"Goodell Falls, Monson" an oil on panel 12 x 16 inches by Kay Carter.

  Our paint-out also had a trip advisor by the name of Ron Dobra who lives with his wife in Shirley Mills, Maine. Ron is a friend of Kay Carter. She told me that Ron is a retired music teacher, having taught in the Greenville and Lincoln Schools.  He is a volunteer for the Appalachian Trail Conference as manager of maintenance of the Appalachian Trail from Monson to Jo-Mary Lake.  He is very familiar with Monson and the surrounding trails.  He shared with us that painting at Goodell Brook Falls just north of Monson on route 15 would be just the falls for us to paint in Piscataquis County. One of Ron’s achievement's is completing thru hikes on all three major trails in this country including the Appalachian Trail, the Pacific Crest Trail and the Continental Divide Trail. So when such a hiker recommends a place to you such as Goodell Brook Falls, you tend to listen and we were glad we did. 



"Tumbling Goodell Falls, Monson" an oil 12 x 16 inches by Becky Whight.

 We found that the falls were not far from the parking lot as we decided to scout out the area before choosing our painting sites. Then after discovering our locations we went back and got out our gear. We all slathered ourselves with insect repellant and headed out to face the black flies who were out in force waiting for us. Becky Whight painted further up on the brook with Nora West who found us on landscape later in the day. Then Kay Carter and Teddy Jan painted vertical canvases of perhaps the most popular view with only enough room for two painters. I decided to paint on a large rock further down in the river bed, with water rushing around be. I had the most problems with black flies because of where I was so close to the water. I wore a mosquito hat to shield my face because they were getting into my eyes. I wore the hat and was glad I did for most of the painting until afternoon when they let up a little. I also did a horizontal because, depending on where you stood, the composition for me was wider. Ron Dobra met us out there and stayed with us for quite a while, shaking our paint stained hands with a warm greeting. It was great to meet such a fellow artist and experienced thru hiker smartly dressed in hiking gear right down to his hiking poles.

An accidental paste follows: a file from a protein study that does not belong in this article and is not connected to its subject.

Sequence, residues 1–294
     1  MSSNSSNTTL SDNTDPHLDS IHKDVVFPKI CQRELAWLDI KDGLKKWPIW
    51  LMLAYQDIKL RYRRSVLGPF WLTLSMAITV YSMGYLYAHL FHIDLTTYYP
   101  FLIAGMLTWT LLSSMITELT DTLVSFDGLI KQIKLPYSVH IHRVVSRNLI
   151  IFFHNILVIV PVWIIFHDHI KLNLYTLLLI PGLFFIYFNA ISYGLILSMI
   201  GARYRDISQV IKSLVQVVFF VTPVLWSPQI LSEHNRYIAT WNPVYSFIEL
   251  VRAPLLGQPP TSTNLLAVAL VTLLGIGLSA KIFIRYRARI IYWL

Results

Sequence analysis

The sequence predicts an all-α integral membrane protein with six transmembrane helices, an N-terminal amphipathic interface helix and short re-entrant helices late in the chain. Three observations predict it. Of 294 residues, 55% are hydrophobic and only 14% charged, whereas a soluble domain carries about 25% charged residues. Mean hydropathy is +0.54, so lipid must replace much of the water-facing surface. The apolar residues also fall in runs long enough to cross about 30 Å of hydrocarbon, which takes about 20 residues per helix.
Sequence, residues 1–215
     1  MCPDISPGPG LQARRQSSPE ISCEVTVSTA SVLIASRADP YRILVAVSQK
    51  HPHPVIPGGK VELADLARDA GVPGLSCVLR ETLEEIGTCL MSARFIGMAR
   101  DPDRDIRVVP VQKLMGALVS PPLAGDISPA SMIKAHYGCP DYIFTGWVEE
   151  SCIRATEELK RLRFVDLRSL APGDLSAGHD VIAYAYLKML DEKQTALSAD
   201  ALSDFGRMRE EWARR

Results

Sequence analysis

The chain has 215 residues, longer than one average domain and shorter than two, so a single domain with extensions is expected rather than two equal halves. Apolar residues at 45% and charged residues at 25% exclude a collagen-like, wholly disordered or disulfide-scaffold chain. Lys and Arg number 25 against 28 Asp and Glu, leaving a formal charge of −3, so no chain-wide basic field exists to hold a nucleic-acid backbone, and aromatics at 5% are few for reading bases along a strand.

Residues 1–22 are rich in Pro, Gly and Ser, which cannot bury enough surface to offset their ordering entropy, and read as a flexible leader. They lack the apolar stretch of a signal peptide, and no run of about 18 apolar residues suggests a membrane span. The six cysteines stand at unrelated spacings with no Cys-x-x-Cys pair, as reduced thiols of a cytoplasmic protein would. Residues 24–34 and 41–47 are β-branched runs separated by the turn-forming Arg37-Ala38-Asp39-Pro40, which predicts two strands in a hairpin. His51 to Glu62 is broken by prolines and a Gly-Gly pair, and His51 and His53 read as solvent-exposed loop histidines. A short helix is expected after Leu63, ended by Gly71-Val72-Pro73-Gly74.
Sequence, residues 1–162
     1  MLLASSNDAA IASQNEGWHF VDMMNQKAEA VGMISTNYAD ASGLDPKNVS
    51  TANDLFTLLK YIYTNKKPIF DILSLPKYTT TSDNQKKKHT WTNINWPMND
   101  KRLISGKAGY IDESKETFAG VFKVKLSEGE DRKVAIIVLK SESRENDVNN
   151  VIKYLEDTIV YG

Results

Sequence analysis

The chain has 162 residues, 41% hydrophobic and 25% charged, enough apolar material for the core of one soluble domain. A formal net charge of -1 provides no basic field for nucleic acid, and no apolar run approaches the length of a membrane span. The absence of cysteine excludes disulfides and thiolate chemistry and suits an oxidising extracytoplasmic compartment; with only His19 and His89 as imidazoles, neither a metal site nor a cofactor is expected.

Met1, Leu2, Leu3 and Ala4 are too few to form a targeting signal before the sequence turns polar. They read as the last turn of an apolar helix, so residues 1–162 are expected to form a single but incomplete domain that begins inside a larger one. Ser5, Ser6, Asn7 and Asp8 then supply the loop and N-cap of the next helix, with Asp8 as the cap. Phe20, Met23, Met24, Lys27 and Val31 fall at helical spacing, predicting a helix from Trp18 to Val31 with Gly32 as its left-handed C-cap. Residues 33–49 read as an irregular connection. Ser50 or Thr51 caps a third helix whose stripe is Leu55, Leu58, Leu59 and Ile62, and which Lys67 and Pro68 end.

"Goodell Falls, Monson" an oil on canvas 8x10 inches by Nora West.

  We all completed our paintings at about 2:30 PM in the afternoon and were back to the car by 3:00 PM after breaking down and hiking back out on the trail along the brook. We than went to the greatly anticipated restaurant of Rebekah Anderson's Lakeshore House. LLCBasically it's a very popular AT stop over and local pub that has been open since June of 2006. It is a very cozy, family friendly place on Lake Hebron where we decided to eat. They have a pristine outdoor seating as well as an intimate bar and dining area just steps from the lake. Their full service bar features unique beer and wine choices as well as a great selection of spirits, coffees, teas and frozen drinks! Their reasonably priced pub fare menu is largely homemade and very delicious. 



 We ate outside overlooking the lake and after we had our critique right in the pub. The discussion is different when you have painted with someone for a few hours than when you haven't. And so the critiques have become more of a supportive sharing of respected recommendations based on similar painting experiences.  This has become very valuable to the participating painters in our group. Rebekah and a few others also viewed our works favorably and  showed us her new addition of a dining room. She welcomed us to show our paintings some day. This would be a wonderful alternative exhibition space to display art for the many diversified client's that pass through there. So we welcomed her to view our paintings at the Art Walk This Friday June 13th at the Peace and Justice Center. 

EXCLUSIVE PLEIN AIR PAINTING SALE AT THE PEACE AND JUSTICE CENTER IN BANGOR FRIDAY JUNE 13 TH!